Those who live by the sword die by the sword. Is crony capitalism in India to be slayed by cronies? Unless specific, urgent attention is paid to expanding the market for distressed assets being resolved under the Insolvency and Bankruptcy Code (IBC), and deficient rules remedied, cronyism would emerge the victor, as well as the vanquished.
IBC is a milestone in the evolution of Indian capitalism, along with banking regulator RBI’s decision, when Raghuram Rajan was governor, to put an end to the practice of banks dressing up bad loans as healthy ones. Rajan’s successor, Urjit Patel, has moved further along the path so opened up, winding up various schemes under which loans turning bad could be camouflaged. Now, even one day’s delay in servicing a loan would bring on bankruptcy.
Need Clarity on Goal
Indian promoters are used to playing fast and loose with the public’s savings routed to them via the banking system, thanks to the right political connections. They inflate project costs, take money out of the project during execution, share it with the political bosses and throw some loose change at the bankers, too.
They loot the company further, when the company acquires other companies, or even when the company makes large purchases — vendors are only too happy to kick back a hefty commission to shell companies in tropical paradises, where sunlight scorches bare skin but is blocked by crafty banking rules.
In case the company runs into financial trouble, they manage additional loans from banks and, eventually, debt write-offs. If, after all this, the company turns sick, the promoter stays in the pink of health, having made his pile from the company, while employees, suppliers, minority shareholders and creditors malinger, along with the company.
IBC, more focused successor to past provisions of the revamped Companies Act, was meant to put an end to this state of affairs and wrest a company from the management that has run it into the ground, sell it off as a going concern, if possible, or as broken-up assets after liquidation. Crony capitalists saw in this an opportunity to shed their companies’ unserviceable loans by means of buying back the companies when they are sold off as a bankrupt asset.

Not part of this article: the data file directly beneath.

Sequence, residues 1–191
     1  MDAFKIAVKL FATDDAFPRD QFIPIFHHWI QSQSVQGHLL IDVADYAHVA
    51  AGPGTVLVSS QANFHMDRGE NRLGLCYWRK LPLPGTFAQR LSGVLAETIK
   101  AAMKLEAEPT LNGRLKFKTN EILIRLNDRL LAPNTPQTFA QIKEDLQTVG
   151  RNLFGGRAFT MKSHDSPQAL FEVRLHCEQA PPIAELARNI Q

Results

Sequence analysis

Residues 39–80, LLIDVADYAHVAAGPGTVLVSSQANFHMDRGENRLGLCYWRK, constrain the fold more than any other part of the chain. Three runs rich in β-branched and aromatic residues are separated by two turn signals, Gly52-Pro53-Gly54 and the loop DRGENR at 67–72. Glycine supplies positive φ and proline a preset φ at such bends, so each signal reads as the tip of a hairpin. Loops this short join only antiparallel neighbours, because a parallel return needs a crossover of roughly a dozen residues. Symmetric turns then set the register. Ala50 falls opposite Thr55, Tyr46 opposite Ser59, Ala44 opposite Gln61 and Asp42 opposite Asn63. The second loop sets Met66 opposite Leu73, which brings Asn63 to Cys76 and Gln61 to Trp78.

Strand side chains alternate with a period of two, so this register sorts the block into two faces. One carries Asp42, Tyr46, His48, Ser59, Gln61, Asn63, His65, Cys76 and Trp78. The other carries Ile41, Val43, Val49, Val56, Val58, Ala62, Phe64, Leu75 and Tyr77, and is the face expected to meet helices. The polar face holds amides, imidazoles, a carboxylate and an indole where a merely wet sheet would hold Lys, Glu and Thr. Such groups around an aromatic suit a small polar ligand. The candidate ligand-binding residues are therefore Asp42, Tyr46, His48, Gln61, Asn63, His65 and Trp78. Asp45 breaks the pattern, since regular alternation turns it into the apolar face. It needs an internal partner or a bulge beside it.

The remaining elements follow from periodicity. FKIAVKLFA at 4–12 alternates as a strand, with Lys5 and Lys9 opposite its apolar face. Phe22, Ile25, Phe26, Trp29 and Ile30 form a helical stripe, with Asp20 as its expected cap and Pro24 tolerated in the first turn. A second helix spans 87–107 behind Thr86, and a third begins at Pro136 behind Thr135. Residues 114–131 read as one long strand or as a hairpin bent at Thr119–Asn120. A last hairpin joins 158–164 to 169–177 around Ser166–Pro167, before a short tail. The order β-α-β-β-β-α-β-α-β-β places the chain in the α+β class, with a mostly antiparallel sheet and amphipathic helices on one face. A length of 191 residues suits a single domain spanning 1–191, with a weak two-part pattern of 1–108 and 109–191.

The government saw the political backlash in letting a promoter who had, say, built up a bad loan of Rs 40,000 crore, buy his company back in the resolution process, shorn of all debt, for, say, Rs 16,000 crore. Since the haircut the banks take on their loans would have to be provided for via fresh injections of capital, this would have meant the taxpayer subsidising the promoter to the tune of Rs 24,000 crore. So, the government amended the rules to disqualify promoters of bankrupt companies from bidding for resolution assets.
This did not solve the problem, however. If the market for distressed assets is not vibrant enough, the asset would be picked up by another large company at a discount to its actual worth. By disqualifying failed promoters, the government took out one set of potential buyers from the market, depressing the price discovered and increasing the banks’ haircut, the burden on the taxpayer to recapitalise the banks and the gain to the successful bidder.
Create a Market for Assets
The government failed to clarify the public policy goal in the resolution process, creating confusion through restricted eligibility for buying the assets and introducing a scorecard for vetting bids.
This is ridiculous. There is no need to look at the horoscope of the bidders. Look at the bids, in terms of their net present value — a bid that offers huge amounts, say, 10 years hence might turn out to be worth less than a bid that is nominally smaller but offers cash upfront.
Maximising realisation from the sale of distressed assets is the public policy goal in resolution. It would minimise the haircut banks have to take, and, if the successful bid leaves cash on the table after paying off creditors, pay off unsecured creditors, employees and even shareholders. To pursue this goal coherently, there has to be creative initiative, not leaving it to an underdeveloped market.
In the first large resolution under IBC, Electrosteel Steels was sold at a price that entailed a haircut of about 60% for the banks. Vedanta acquired 1.5 million tonnes of steelmaking capacity for Rs 5,320 crore. If it had to set up that capacity from scratch, it would have had to spend well over Rs 11,000 crore. Vedanta outbid Tata Steel and Renaissance.
Why should only steelmakers bid for a steel asset? Why shouldn’t retirement funds enter the fray, in partnership with, say, SAIL or a professional with a stellar track record?
There has to be unambiguous clarity on the public policy goal in resolving bad loans, and all rules that conflict with the goal should be amended. Bidding must continue till all bidders drop out, save one.
Otherwise, crony capitalists would snap up assets on the cheap, the taxpayer would have to cough up extra money to recapitalise banks and sundry creditors and shareholders would sue the government for having defrauded them of potential revenue through stupid rules that prevent discovery of the highest possible price for resolution assets.